Almost certainly the most famous Hawaiian of all time is not Don Ho or Steve McGarrett, but King Kamehameha the First. He was the Hawaiian superman who was able to unite all of Hawaiian islands into one realm which for an agonizingly short period of time was a sovereign nation recognized by all the major powers of the time. He was a native of the North Kohala coast and his career started at Pu'ukohola as a result of a prediction by a noted sage who advised him that if he built a great temple on this site he would one day rule all of Hawaii.

The temple was built and remains the prime attraction at the park even though you can't go inside. Kamehameha's first task was to become supreme ruler of the Big Island which in the late 1700's was embrioled in chaos. In order to consecrate the new temple he invited his cousin Keoua, his chief rival to the ceremony and promptly had him killed as an offering to the war god Ku. Apparently it worked as one by one the other islands fell under Kamehaneha's command until in 1810 he ruled them all. Like Augustus, Kamehameha was ruthless in his ascent to power, but once he held it he was a just ruler who brought many beneficials change and a sense of national unity to the Hawaiian people that still exists. As an interesting aside, the bad feelings that arose after Keoua was killed lingered for over 200 years until a healing and forgiveness ceremony was held on the site in 1991

In terms of visting there is a short circular trail that starts at the architecturally beautiful visitor center that is made of the lava stones similar to those in the two temples on site. Aside from Kamehameha's impressive temple there is an older one that he converted into a fort. It is not much to look at, but the new one is. If you have ever been to Newgrange in Ireland which is almost 5000 years older you might see a resemblance.

Also on the tour are stops at a viewing rock where kings long before Kamehameha would sit and watch for the reef sharks and whales that are frequently seen off shore. To native Hawaiians sharks are sacred creatures and they would never harm one - too bad the rest of us aren't as wise. While I didn't see any sharks the ranger told me that he saw one that morning and that their dorsal fins are seen almost every day.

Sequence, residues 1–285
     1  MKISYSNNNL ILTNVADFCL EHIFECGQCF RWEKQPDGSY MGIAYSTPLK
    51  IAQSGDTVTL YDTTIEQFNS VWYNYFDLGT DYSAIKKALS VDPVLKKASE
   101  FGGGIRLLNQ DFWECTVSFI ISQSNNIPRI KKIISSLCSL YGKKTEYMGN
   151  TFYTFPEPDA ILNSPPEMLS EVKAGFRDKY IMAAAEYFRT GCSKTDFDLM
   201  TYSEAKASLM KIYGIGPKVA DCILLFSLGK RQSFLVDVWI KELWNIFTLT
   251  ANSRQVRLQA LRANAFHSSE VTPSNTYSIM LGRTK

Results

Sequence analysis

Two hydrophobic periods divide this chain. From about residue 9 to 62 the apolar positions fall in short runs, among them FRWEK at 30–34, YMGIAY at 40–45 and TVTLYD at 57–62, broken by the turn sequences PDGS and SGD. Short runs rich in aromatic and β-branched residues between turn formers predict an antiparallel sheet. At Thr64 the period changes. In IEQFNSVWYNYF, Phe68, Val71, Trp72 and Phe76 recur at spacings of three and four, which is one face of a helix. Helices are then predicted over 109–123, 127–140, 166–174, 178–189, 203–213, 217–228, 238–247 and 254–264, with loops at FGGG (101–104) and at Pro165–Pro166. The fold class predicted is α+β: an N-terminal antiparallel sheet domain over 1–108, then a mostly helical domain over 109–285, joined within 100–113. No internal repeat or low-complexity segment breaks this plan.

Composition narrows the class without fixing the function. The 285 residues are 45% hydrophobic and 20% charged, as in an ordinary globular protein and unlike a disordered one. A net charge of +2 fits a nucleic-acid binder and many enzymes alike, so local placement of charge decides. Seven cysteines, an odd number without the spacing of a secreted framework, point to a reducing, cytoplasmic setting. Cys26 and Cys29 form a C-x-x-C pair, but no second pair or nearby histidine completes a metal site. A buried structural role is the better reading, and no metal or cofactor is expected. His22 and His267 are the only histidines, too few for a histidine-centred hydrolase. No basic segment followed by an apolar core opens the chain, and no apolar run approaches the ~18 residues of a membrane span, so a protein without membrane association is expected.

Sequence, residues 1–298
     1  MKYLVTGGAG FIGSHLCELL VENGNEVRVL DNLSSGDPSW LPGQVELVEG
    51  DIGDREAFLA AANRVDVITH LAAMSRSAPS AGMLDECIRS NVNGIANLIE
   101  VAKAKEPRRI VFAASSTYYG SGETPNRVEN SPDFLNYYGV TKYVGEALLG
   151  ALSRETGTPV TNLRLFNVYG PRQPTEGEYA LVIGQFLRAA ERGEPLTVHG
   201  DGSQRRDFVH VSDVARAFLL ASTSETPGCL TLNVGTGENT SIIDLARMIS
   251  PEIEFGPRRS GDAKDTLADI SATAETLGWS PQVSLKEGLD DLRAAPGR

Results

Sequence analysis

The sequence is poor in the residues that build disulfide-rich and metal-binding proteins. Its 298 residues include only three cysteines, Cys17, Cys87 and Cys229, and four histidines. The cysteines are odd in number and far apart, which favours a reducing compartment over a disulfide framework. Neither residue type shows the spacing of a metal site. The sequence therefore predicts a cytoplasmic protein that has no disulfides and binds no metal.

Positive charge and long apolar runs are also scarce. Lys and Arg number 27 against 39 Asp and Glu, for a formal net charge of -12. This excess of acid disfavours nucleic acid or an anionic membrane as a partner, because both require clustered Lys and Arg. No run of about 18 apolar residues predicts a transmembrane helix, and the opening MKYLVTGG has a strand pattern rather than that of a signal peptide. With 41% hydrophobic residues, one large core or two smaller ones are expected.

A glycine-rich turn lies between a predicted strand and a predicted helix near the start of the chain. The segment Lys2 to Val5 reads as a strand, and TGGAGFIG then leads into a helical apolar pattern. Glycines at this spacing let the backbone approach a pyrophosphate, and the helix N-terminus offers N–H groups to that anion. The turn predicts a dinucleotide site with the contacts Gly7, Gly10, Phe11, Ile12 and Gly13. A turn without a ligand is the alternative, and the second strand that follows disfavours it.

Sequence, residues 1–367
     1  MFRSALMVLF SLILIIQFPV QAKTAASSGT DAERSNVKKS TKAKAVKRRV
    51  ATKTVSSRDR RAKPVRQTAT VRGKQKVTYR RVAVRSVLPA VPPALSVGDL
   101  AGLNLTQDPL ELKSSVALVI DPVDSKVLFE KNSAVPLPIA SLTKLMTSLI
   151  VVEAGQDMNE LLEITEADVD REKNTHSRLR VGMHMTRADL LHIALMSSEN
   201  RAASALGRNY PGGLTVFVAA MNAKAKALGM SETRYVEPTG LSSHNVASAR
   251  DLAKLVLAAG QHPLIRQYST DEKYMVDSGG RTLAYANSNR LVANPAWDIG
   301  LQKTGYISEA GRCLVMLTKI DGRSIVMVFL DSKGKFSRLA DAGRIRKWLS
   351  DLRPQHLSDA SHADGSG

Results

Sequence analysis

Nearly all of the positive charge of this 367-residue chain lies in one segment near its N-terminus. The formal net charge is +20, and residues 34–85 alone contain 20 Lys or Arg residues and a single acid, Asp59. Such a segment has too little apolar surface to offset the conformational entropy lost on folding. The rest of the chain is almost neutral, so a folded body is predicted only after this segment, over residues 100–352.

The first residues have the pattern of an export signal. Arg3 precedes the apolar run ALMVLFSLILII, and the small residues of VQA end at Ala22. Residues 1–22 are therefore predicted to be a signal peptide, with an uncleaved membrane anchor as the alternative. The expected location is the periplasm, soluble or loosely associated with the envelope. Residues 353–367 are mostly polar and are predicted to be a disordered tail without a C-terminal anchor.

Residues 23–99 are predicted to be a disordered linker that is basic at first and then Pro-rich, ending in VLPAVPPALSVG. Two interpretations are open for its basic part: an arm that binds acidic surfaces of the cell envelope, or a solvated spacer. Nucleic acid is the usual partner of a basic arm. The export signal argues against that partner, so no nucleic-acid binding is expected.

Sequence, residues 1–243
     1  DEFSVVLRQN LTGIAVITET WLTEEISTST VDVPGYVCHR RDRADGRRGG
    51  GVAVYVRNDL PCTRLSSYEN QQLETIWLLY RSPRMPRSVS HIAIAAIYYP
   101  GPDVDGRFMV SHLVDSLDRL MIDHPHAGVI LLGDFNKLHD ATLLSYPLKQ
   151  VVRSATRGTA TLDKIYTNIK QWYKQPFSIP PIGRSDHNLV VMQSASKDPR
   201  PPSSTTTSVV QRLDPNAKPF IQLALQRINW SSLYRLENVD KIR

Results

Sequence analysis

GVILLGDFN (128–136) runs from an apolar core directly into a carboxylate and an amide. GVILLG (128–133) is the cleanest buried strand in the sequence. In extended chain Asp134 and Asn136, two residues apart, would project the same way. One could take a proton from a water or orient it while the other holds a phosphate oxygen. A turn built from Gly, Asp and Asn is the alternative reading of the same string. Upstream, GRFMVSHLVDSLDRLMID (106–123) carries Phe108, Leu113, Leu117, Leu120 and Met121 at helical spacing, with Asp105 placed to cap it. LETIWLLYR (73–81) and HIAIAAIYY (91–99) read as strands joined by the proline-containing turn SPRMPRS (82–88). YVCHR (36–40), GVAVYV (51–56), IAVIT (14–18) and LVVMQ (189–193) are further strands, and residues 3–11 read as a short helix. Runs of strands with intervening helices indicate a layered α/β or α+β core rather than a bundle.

All in all you won't regret stopping here for a visit - and it's free.

7  Thank maritimeexplorer
This review is the subjective opinion of a TripAdvisor member and not of TripAdvisor LLC.
Reviewed March 2, 2013

As a native Hawaiian visiting Pu'ukohola for the 1st time in my life and walking on the same land that the Great King Kamehameha walked and lived was just an incredible "chicken skin" experience! Definitely worth the stop and taking the time to learn about this National Historic Site. Beautiful views of the ocean...there was a pod of whales in the near distance putting on a spectacular show for us, the kind you would see at Sea World! The park rangers were kind, extremely helpful and knowledgeable. The walk is easy and the app download that guides you through the park was very informative as we stopped at each sight to listen and learn. All people of Hawaiian ancestry must take the time to visit Pu'ukohola and learn a part of our history. Highly recommend this to all visitors coming to the Big Island, it is a piece of History that you will treasure for a lifetime!

2  Thank NativeWahine
This review is the subjective opinion of a TripAdvisor member and not of TripAdvisor LLC.